About You. (Tell the world about yourself, what you do)
My name is Oluwadamilare Kenyanta. I grew up an only child. I was also an only grandchild on both sides. The youngest of all my cousins and the only child in a small neighborhood that consisted of a bunch of adults, I never really learned what it meant to just be a kid. And I certainly never learned how to relate to other people.
Accustomed to being around primarily adults, I was always mature for my age. Even my own friends often annoyed me during my adolescent years. I had a lot of people who invested in me, and I excelled at most of my many and varied hobbies. I did well in school, often knowing how to do complex math problems before the concept had even been introduced to our class. Looking back, I’m sure I was quite smug, although I didn’t realize it at the time. Unfortunately, self-awareness wasn’t something I learned until many years later.
In high school, I began to tire of the pressure placed on me by my family and their high expectations. I gradually stopped my extra-curricular activities, including music and art lessons, and chose to work instead. I graduated at the top of my class, although I wasn’t valedictorian—perhaps because I didn’t want to give my overbearing family the satisfaction. And then I chose a large public university a lot farther from home than the small private college my parents hoped I’d attend. I wanted to be a small fish in a big pond for a change.
In college, I was involved in few outside activities. I did pledge a sorority and even served as its president, but only after several of my sisters convinced me I’d be great at it. After a handful of jobs that paid the bills right out of college, I finally went to work for a large investment firm. There I continued the trend of just meeting my potential, only taking on new challenges when someone brought it to my attention that I’d be perfect for the opportunity.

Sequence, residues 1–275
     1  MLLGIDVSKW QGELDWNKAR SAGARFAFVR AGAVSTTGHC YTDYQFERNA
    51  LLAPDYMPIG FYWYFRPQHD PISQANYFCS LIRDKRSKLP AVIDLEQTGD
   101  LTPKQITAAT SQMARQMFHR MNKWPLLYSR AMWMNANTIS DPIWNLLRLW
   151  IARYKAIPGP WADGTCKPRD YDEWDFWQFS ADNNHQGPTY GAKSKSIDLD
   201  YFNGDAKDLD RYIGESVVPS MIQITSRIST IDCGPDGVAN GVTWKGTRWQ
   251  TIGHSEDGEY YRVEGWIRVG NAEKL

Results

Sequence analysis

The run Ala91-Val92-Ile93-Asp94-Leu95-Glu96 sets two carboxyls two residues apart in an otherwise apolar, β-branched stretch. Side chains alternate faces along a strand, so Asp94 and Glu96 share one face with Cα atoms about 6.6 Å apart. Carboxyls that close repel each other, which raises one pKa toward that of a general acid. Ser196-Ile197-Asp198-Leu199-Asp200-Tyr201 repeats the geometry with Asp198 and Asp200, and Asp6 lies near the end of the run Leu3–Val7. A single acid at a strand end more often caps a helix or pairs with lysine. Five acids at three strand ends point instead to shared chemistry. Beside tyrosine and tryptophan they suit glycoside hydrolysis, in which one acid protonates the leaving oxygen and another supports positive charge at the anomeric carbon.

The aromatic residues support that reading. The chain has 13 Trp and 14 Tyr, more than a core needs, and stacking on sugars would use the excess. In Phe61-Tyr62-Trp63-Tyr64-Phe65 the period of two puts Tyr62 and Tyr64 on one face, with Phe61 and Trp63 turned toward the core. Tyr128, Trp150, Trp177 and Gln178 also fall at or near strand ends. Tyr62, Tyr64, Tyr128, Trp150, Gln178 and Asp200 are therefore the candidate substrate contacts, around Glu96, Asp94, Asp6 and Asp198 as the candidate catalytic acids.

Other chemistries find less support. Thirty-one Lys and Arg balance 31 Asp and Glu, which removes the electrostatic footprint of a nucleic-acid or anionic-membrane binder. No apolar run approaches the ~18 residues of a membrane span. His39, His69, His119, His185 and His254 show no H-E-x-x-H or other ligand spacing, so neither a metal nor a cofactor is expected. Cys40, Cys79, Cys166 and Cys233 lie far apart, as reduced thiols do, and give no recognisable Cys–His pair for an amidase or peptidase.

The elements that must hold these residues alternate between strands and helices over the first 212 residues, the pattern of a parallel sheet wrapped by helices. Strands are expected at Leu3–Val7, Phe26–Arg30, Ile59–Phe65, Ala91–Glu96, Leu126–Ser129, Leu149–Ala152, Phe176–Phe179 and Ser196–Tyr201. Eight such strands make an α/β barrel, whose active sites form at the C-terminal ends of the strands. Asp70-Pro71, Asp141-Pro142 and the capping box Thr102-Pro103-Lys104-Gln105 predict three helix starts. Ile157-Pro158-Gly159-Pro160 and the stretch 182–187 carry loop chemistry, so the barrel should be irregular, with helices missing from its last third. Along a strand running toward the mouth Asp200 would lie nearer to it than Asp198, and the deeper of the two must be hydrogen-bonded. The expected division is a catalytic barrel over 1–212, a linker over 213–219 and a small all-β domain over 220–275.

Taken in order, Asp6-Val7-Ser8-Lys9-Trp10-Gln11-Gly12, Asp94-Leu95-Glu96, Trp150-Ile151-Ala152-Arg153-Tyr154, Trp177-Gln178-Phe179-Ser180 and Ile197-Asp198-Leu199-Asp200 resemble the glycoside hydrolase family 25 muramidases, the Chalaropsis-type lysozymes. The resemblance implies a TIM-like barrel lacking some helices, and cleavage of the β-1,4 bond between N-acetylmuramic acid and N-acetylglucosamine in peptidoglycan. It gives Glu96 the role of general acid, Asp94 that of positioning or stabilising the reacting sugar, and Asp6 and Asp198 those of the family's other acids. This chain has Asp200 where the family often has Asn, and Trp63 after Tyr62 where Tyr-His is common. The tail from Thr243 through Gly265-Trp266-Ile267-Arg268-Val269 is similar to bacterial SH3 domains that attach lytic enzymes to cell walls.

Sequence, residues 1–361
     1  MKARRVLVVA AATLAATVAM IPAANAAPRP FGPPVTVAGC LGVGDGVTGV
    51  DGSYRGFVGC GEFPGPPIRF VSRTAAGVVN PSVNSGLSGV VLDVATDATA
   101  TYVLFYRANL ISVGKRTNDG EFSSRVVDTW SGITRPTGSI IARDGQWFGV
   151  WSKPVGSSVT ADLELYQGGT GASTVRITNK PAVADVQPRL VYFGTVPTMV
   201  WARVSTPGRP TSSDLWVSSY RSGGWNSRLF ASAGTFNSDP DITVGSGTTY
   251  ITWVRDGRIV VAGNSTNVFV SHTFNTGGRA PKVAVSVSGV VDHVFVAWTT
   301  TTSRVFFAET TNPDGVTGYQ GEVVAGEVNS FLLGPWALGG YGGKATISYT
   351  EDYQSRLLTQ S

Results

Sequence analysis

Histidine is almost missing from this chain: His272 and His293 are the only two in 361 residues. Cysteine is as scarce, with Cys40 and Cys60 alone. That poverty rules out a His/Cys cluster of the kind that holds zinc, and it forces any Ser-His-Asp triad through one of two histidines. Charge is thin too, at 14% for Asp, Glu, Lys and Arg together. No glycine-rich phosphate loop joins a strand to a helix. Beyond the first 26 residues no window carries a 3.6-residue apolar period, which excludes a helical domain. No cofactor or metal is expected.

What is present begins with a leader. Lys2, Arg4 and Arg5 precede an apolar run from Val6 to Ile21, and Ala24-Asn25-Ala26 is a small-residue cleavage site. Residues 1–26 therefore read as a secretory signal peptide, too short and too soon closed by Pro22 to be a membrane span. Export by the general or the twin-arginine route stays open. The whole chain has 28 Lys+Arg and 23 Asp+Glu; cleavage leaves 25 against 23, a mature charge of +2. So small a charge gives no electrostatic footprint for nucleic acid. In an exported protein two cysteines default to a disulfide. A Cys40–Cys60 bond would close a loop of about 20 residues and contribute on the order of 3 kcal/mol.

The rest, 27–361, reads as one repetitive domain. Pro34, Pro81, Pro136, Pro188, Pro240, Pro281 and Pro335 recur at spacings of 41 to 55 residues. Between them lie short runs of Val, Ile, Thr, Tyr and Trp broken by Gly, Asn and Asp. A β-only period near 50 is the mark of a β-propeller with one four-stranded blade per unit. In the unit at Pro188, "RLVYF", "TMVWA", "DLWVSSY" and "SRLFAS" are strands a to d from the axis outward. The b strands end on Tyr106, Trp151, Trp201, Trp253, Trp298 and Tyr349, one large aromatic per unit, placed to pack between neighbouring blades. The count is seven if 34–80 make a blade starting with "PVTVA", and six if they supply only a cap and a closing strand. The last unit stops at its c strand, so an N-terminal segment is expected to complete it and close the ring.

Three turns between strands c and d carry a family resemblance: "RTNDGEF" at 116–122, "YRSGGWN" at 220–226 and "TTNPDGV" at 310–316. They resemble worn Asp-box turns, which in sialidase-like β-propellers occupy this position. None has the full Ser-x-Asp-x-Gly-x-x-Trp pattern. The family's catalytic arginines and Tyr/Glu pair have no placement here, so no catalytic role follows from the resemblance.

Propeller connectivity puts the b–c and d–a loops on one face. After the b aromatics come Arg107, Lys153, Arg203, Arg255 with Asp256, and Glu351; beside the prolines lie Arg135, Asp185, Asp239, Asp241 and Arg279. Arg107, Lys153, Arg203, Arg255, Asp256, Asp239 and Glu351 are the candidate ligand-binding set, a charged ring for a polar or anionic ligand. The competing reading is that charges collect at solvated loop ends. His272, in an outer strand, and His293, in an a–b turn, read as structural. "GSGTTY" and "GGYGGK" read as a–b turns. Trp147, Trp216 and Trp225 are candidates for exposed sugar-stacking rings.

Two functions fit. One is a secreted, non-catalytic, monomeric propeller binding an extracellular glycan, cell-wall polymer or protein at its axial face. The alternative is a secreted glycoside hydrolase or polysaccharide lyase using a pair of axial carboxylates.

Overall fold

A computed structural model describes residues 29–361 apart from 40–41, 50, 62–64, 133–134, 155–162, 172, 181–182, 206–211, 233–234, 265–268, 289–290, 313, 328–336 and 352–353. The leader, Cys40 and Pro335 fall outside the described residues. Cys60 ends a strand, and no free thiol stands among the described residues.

I was never one who saw myself with a family. Not wanting to be tied down by the constraints of a wife and kids, I always assumed I’d never marry. But then I met Eunice in 2014 and agreed to marry her after so many of my friends and family pointed out what a great couple we made. Our son was born just over a year later. And before I knew what had happened, this externally motivated, single-for-life, independent career man was a stay-at-home daddy.
I’m proud to say this new role suits me. I’m driven, not to do great things for myself, but to spur my daughter on to even greater ones. I still don’t know how to relate to children in general, but I know how to distinguish between the slightest little nuances of my daughter’s tired cry and her hungry cry. I still don’t know how to be a kid, but I’m hoping she’ll teach me. Despite a lifetime of often falling short of my own true potential, I’ve always held on to a quote by the writer James Baldwin: “The world is before you, and you need not take it or leave it as it was when you came in.” That always sounded like something I wanted to do. I just never knew how. The moment my daughter entered the world, I knew I had achieved it.
I am a Instructor Assistant in Babylanguages.
In my free time I like to use my computer.
Humble: I was lucky enough to be awarded three
employee of the month awards at my current job,
more than any other employee.
Better: My favorite sport is football, both to watch
and to play.
Ok: I'm a fan of basketball, football, tennis, and
Good: When I was growing up, I would watch Big
Ten football with my dad and brothers every
Saturday, before we'd go outside and toss the
football around. I've loved it ever since.
Bad: I like sports.
Braggy: I'm the best and most dynamic worker at
my company right now, so you should want to
hire me for my talents.
Twitter Handle [@__]
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